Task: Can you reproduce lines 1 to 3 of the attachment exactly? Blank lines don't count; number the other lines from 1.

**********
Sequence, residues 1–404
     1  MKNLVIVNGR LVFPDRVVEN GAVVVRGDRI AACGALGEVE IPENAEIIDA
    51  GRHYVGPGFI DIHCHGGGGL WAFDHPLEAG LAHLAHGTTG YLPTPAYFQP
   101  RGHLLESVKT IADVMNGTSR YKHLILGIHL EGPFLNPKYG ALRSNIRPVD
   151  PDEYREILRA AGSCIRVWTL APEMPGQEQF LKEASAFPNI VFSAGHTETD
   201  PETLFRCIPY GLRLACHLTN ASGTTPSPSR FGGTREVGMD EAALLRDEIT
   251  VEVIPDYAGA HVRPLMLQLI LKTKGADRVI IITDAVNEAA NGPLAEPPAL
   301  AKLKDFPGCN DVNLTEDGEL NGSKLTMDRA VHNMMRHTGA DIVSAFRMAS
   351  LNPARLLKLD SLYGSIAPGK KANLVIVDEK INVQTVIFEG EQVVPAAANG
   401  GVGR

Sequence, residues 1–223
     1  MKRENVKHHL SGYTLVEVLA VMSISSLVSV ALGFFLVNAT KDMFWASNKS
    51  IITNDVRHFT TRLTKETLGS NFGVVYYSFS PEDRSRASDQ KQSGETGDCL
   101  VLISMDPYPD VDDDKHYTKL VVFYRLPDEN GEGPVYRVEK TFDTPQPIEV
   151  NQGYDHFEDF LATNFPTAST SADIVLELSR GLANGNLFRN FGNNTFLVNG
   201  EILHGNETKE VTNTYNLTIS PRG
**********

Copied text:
Sequence, residues 1–404
     1  MKNLVIVNGR LVFPDRVVEN GAVVVRGDRI AACGALGEVE IPENAEIIDA
    51  GRHYVGPGFI DIHCHGGGGL WAFDHPLEAG LAHLAHGTTG YLPTPAYFQP